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Are Your Risk Management and Insurance Strategies Aligned?


The 2014 Federation of European Risk Managers Association (FERMA) Risk Management Benchmarking Survey, to which Marsh is a key contributor, brought home several key messages. Amongst them, the strategic development of the risk management role across European organisations, but also the low level of satisfaction in terms of risk mitigation, and the gap in analytics use to support insurance purchasing decisions. Now its seventh edition, this year’s FERMA Benchmarking Survey received a record number of 850 responses from 21 European countries.

Strategic Risks Mitigation Levels

Respondents were asked to name the top 10 risks that “keep the CEO awake at night” and how well they were mitigated. For six of the 10 top risks, they report a low level of satisfaction with their mitigation. The risks respondents identified are political, including government intervention, legal and regulatory changes, compliance with regulation and legislation, competition, economic conditions, market strategy, and human resources. For reputation and brand, planning and execution of strategy, and debt/cash flow, there is a medium level of satisfaction with the mitigation. Only for quality issues, such as design, safety, and liability of products and services, is it high.

European Issues

One of the objectives of the survey is to help FERMA target the European issues that are the most important to its members. According to the 2014 survey, these are:

  1. Data protection regulation (45%).
  2. Annual reporting and transparency (38%).
  3. Solvency II and captive treatment (38%).
  4. The possibility of mandatory EU-wide financial security (38%).

Insurance and Captives

The level of insurance buying sophistication continues to rise, the survey shows. The use of captives is continuing to grow, especially for non-traditional lines. The number of international programmes, even on less mature lines of business, is rising, and buyers are optimising their programme structures, particularly in terms of retentions and limits.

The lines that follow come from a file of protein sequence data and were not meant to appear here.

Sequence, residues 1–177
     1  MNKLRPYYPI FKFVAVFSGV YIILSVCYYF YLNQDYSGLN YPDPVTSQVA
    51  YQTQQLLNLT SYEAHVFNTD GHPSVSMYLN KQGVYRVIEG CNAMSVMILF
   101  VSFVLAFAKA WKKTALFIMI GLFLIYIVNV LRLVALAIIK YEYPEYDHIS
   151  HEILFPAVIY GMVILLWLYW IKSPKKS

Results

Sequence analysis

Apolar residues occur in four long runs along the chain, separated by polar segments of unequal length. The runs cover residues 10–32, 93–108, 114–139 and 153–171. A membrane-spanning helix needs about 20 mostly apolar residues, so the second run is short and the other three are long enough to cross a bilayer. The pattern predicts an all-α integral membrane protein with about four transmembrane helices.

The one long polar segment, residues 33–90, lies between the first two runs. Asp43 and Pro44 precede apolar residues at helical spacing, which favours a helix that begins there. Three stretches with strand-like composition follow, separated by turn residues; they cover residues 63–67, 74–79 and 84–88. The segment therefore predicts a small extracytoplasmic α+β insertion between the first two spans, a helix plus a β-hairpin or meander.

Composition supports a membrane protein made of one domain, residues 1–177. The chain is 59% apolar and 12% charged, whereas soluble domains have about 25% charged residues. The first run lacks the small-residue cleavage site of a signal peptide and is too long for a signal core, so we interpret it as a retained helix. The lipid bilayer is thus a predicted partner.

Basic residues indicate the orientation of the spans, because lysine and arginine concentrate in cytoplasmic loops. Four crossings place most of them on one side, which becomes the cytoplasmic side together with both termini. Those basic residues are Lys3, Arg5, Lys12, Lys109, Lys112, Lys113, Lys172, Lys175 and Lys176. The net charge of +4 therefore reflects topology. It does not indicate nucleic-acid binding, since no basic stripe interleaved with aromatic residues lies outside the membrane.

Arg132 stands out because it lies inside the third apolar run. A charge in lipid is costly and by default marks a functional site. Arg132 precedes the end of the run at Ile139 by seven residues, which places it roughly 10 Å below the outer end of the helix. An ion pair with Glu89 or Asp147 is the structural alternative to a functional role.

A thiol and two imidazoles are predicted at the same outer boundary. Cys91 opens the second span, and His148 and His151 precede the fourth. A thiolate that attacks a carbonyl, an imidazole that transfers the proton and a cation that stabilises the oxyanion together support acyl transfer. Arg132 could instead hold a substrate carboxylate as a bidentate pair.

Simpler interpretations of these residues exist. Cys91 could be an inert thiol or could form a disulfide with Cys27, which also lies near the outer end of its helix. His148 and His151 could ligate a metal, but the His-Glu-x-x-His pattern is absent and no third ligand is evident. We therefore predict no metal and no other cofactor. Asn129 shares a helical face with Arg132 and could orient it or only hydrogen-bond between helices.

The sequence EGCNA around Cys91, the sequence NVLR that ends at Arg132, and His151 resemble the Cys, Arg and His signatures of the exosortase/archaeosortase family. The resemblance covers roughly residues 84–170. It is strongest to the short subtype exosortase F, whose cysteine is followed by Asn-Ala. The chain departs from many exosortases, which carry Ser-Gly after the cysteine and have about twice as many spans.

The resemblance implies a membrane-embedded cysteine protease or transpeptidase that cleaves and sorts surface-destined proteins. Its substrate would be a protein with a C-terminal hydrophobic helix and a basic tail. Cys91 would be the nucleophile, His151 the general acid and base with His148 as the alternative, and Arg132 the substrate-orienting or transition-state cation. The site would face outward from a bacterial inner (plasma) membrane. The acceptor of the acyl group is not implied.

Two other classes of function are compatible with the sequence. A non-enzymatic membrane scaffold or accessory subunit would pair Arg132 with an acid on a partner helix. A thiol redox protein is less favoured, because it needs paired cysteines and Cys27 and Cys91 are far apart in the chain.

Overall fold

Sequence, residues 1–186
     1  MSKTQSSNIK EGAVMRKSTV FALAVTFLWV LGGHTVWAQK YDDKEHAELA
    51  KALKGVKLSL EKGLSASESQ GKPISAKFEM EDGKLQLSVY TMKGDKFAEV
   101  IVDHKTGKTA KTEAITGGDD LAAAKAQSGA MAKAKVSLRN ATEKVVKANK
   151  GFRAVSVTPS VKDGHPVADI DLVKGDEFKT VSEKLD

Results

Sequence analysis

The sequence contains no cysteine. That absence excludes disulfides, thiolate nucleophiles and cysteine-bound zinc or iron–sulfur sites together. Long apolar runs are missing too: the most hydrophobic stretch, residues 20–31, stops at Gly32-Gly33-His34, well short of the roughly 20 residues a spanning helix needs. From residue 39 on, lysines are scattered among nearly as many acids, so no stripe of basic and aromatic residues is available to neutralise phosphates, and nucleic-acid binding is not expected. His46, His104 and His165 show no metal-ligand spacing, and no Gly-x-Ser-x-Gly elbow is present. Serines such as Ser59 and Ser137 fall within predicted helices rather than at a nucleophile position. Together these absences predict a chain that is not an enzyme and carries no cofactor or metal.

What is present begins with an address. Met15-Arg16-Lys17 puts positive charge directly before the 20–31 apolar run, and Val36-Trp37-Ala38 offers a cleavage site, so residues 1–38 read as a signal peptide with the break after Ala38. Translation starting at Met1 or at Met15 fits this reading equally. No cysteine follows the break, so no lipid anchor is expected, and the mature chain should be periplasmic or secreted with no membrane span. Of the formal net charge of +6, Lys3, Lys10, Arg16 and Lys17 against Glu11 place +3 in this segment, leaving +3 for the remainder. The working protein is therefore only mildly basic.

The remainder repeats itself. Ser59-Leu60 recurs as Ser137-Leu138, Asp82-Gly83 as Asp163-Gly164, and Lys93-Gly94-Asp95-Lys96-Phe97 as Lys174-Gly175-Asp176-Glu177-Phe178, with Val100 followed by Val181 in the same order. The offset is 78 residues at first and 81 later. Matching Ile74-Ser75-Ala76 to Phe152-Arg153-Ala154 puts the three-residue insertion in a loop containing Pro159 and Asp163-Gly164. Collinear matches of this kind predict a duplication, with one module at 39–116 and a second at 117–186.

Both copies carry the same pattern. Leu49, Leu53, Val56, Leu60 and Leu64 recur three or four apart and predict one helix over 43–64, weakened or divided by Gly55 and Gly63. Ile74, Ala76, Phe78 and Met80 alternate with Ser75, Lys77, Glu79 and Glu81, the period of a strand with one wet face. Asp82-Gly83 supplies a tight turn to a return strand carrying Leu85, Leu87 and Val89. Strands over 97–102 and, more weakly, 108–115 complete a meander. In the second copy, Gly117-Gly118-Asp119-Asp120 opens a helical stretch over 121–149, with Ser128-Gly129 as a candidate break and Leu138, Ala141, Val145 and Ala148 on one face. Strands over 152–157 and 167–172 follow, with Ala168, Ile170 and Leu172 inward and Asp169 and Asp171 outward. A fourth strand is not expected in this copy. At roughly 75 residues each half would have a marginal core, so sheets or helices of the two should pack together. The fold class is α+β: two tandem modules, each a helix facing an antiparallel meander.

Some key insurance-related findings are:

  • Of 39% of the respondents who own or use a captive, many expect to use it more over the next two years: 39% for non-traditional lines of cover and 33% for traditional lines.
  • The insurance market for developing risks is still in its early stages; 72% of respondents say they have no cyber risk standalone cover; 37% do not insure gradual environmental impairment.
  • 57% say the most important use of risk and insurance-related data is to optimise the insurance programme retention.
  • 63% say compliance with local regulations is the overwhelming reason for using standalone local policies.
  • Only 15% of respondents use enterprise risk management (ERM) tools, such as risk financing optimisation, to guide their insurance purchasing decisions.

Another significant trend which the FERMA survey reveals is that insurance buying behaviours in Europe tend to depend on budget restraints and rules of thumb. While tried and tested by many risk managers, this way of thinking could pose significant problems for the management of emerging risks such as cyber and environmental liabilities.

FERMA’s European Risk and Insurance Report

FERMA’s European Risk and Insurance Report 2014 is available in two parts with two objectives: an executive summary intended to help risk managers communicate risk management priorities to senior management, and a full analysis of the survey results, including country-by-country comparisons, available online, for risk managers and national associations to use for benchmarking and discussion.